The inability to focus close up as you age is called presbyopia. Reading glasses are usually the first line of treatment, but doctors are offering a whole range of different options.
About 14 years ago, 54-year-old Randy Bissel noticed his eyesight started deteriorating.
"Forty is when I had to start having the reading glasses, and then it just got progressively worse," said Bissel. "It began where I needed them just some of the time, and then after a while, I needed them just about all the time."
Bissel suffers from presbyopia, an inevitable condition in which the crystalline lens of your eye loses its flexibility, which makes it difficult for you to focus on close objects.
"You can wear glasses, you can wear contact lenses, or you can have treatment either with a laser or a lens," said ophthalmologist Dr. Paul Dougherty
Dougherty says whether you wear glasses or opt for surgery, each type of treatment offers its own set of options.
"For presbyopic patients who don't want any surgical treatment, you can wear contact lenses two ways: One is to do monovision, where one of the eyes is set for distance, the other eye is set for near," said Dougherty.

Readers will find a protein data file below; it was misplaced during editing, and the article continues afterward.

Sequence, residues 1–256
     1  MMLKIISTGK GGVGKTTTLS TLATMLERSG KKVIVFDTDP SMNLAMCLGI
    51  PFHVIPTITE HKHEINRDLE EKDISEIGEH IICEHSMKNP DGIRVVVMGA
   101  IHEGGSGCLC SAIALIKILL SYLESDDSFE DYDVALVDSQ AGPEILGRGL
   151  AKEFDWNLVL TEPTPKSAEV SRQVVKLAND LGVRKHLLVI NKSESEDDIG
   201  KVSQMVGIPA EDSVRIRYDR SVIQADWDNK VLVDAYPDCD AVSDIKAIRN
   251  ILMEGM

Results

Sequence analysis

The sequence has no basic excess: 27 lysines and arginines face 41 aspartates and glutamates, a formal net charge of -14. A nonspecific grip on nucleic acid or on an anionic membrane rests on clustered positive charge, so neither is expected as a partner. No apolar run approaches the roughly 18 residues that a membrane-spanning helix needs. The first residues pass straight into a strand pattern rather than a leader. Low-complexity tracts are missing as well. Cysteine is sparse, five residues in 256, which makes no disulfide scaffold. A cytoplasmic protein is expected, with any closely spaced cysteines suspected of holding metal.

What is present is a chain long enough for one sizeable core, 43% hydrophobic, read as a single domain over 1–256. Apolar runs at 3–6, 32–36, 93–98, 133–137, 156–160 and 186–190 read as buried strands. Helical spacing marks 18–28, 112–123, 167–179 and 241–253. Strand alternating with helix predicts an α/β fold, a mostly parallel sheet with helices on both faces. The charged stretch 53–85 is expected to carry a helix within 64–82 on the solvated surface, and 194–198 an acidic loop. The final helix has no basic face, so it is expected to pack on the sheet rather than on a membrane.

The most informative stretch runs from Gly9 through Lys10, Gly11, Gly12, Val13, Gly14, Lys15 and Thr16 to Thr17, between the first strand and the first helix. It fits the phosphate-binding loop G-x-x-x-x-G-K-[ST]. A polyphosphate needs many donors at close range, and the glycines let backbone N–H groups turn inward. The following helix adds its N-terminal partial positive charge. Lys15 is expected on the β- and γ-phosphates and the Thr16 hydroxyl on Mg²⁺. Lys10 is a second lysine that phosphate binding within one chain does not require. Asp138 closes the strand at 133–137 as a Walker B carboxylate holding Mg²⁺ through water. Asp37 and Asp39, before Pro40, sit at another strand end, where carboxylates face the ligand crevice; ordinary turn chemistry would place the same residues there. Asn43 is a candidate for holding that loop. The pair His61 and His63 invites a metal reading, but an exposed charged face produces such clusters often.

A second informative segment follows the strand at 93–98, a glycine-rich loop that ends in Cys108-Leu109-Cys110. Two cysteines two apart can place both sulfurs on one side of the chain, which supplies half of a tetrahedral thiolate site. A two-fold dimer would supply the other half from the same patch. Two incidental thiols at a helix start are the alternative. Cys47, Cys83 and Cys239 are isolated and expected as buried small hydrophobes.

Bifocal or progressive contact lenses have circular rings and each ring splits light so a user can see both near and far.
"The problem with a bifocal contact is many people don't adapt to it. There's only about a 10 to 15 percent rate of adaptation. Related to the fact that the bifocal contact lens can decrease vision quality," said Dougherty.
That's because every time you blink, the contact moves.
The same effect can be achieved more efficiently with a bifocal implant: a lens surgically inserted to replace your original one.
Randy Bissel chose LASIK surgery and he has one eye set to see near and the other to see far.
"Since I had the monovision done, I see close up, I can see well close up, I can see well in distance. It makes it a lot easier for me," said Bissel.
Doctors say you can try out the monovision or the bifocal option with glasses before you have anything permanently done.